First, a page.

She turns the key and raps her knuckles on the door.
“You decent?” she asks.
“Come on in,” Anaheim Police Chief Raul Quezada says.
Jennie Negrete slowly shuffles into the office with a fresh cup of coffee in the chief’s favorite blue mug. The steaming joe is just as he likes it: black, with a splash of Coffee-Mate French Vanilla Creamer.
At 6:50 a.m., Chief Quezada still is in his workout clothes, checking his email.
A few minutes later, Negrete delivers to Chief Quezada one of her homemade chicken tamales — the stuff of legend around the Anaheim PD (retired Chief John Welter still buys them by the dozen).
“Smells delicious,” Chief Quezada says.
“I hope you like it,” Negrete says.
She adds, on her way out: “I’m sure you will.”
Officially, 84-year-old Jennie M. Negrete — who grew up in Anaheim and has lived in the same house in downtown Anaheim for more than 50 years — is a part-time general services worker at the Anaheim PD.
Unofficially, she’s a beloved fixture at the agency — a straight-talking grandmother and mother figure to many who is motivated, punctual and reliable.
“I’m the oldest person in this place,” Negrete says.
Cindy Hernandez, a secretary in the chief’s office, says: “Don’t let Jennie fool you. She’s the boss around here.”
Negrete’s job is to sort the daily U.S. mail, liaison with City Hall for interoffice mail and prepare various meeting spaces throughout the department. She occasionally tidies up the offices of the agency’s top brass and chats up everyone from cadets to Chief Quezada.
Oh, the stories she’s heard.
But don’t expect her to dish any juicy stuff.
“I hear things,” Negrete says, “and I hear nothing.”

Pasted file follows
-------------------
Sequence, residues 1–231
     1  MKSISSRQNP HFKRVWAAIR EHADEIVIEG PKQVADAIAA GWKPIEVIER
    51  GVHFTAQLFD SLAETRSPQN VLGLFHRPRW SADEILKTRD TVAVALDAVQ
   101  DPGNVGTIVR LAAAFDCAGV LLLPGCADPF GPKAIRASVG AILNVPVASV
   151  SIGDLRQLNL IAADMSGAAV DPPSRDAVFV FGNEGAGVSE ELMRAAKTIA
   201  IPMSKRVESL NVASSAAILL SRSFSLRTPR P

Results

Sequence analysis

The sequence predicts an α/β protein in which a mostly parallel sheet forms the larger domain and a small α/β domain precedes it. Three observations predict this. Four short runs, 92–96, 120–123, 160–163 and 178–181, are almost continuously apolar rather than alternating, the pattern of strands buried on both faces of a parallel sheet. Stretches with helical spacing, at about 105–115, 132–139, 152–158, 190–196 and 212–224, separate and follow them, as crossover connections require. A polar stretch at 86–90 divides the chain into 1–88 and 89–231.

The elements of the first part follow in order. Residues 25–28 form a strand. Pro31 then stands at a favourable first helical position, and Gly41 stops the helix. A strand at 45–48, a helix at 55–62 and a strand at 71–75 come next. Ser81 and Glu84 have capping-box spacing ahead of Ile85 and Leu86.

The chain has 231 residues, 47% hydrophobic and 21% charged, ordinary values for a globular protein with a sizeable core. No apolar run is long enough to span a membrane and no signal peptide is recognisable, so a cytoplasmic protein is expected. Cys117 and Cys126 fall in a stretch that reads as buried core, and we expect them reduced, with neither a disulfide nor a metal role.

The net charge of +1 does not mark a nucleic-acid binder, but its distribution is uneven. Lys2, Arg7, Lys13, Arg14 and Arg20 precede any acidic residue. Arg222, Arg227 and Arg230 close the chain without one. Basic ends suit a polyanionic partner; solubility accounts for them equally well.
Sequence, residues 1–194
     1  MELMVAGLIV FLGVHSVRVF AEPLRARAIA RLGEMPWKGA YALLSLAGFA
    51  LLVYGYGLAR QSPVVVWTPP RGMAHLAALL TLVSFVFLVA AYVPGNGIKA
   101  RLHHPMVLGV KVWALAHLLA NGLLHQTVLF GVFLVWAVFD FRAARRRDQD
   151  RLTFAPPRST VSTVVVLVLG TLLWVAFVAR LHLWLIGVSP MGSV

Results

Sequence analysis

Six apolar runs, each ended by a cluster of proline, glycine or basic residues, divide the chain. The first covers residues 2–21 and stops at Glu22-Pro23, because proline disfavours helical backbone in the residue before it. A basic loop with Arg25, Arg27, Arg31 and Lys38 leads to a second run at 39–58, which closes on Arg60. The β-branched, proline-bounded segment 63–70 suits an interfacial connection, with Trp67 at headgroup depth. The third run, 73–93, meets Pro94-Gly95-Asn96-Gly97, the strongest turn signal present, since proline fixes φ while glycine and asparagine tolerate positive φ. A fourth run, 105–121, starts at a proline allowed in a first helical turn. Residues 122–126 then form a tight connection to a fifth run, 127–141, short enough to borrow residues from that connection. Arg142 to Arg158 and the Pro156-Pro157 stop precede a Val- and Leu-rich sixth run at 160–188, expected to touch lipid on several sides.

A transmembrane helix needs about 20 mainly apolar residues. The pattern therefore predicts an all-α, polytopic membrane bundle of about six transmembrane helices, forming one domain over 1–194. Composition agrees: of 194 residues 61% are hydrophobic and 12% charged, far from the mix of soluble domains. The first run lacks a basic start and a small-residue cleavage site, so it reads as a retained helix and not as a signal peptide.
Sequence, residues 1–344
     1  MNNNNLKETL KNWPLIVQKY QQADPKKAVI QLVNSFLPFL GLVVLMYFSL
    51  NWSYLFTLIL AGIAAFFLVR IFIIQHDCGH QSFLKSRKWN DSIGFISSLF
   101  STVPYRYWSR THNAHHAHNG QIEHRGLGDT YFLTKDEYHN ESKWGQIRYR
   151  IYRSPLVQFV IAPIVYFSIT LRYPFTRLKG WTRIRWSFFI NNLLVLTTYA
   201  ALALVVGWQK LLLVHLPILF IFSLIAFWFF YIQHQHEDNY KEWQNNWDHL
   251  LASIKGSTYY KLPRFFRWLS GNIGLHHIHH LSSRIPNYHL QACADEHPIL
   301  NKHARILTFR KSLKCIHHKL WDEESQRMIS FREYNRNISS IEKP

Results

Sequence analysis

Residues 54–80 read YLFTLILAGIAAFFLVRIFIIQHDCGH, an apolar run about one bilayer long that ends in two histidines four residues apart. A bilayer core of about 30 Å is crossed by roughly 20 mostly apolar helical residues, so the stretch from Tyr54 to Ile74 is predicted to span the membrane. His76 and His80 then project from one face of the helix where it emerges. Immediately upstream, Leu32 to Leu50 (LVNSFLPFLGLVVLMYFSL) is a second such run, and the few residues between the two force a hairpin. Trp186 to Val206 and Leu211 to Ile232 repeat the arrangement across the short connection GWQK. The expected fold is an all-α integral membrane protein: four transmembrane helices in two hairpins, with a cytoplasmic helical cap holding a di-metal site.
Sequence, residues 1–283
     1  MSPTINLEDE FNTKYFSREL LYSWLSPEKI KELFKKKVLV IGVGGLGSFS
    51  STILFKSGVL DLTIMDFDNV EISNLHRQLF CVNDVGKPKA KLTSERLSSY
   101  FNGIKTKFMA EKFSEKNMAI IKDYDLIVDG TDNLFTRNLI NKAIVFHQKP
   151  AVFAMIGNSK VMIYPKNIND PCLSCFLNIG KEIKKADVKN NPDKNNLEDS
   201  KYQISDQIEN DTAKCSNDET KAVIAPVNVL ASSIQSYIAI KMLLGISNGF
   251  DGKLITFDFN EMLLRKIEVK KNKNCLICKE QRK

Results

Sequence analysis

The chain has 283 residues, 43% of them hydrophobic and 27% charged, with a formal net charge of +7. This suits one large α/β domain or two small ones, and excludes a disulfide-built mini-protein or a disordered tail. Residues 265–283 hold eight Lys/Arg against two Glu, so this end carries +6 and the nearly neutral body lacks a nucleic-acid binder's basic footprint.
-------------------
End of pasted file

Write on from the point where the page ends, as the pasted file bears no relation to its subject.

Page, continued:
Officially, Negrete works 6 a.m. to 10 a.m. Monday through Friday, earning $10.84 an hour.
Unofficially, she typically puts in 5 to 10 more hours a week — for no extra pay.
“If I didn’t work, I’d be doing nothing,” says Negrete, whose husband, John, a truck driver, died several years ago.
When she’s home, Negrete watches all the current telenovellas (Spanish-language serial dramas).
“Sometimes,” Negrete says, “I want to break the TV for the things they do.”
Everyone at the Anaheim PD calls her Jennie.
Negrete calls most everyone “honey” or “sweetie.”
She rolls a cart into the office of Capt. Mark Cyprien, commander of the Operations Division.
“Is the captain in?” Negrete, who is between cataract surgeries, asks Cyprien’s secretary, Erlie Nario.
“No,” Nario tells her.
“I was just going to yell at him.”
Nario loves her brief visits with Negrete.
“She loves to talk,” Nario says. “She’s a happy person.”
Negrete’s cart is filled with cleaning supplies and a box filled with empty plastic and glass bottles. People throughout the PD save them for her. Negrete makes about $25 a month recycling them.
Before Negrete began working at the Anaheim Police Department in 1998, she was a custodian who cleaned several city buildings. She’s also worked in restaurants and at grocery stores and coin laundries while raising four daughters.
Negrete, who has 12 grandchildren, started at the PD as a volunteer before it became a paying job.
Her cubicle, located in the PD’s budget and finance area, is packed with photos, old Christmas cards and Post-it notes. There’s also a pocket-size New Testament (a gift from a niece) and a picture of Pope Francis.
“I can’t seem to throw anything away,” Negrete says.
Negrete often cruises down the halls of the Anaheim PD in a motorized scooter designed to look like a patrol car — the number 30 on the front indicating the year she was born.
The scooter was a gift last summer from Ruben Perez, a civilian staff analyst who noticed Negrete was slowing down some. He had bought the scooter at an auction, intending to convert it into a wagon for his two young kids.
When she’s not working at the Anaheim PD, Negrete tools around town in her late husband’s 1975 white Ford truck.
“His pride and joy,” she says.
Several police officers want to buy the vintage truck.
So far, Negrete’s not biting.
And she’s not ready to stop working.
“Everyone here is nice to me,” Negrete says, “and I try to be nice to everybody.”
In fact, the Anaheim PD may have a hard time convincing Negrete to someday take it easy and spend her days relaxing in her three-bedroom home.
“I love it here,” Negrete says. “I can cook (in the detention facility) here.”
She adds with a mischievous grin: “Maybe I will go downstairs and sleep in the jail. They have showers down there. I don’t need much.”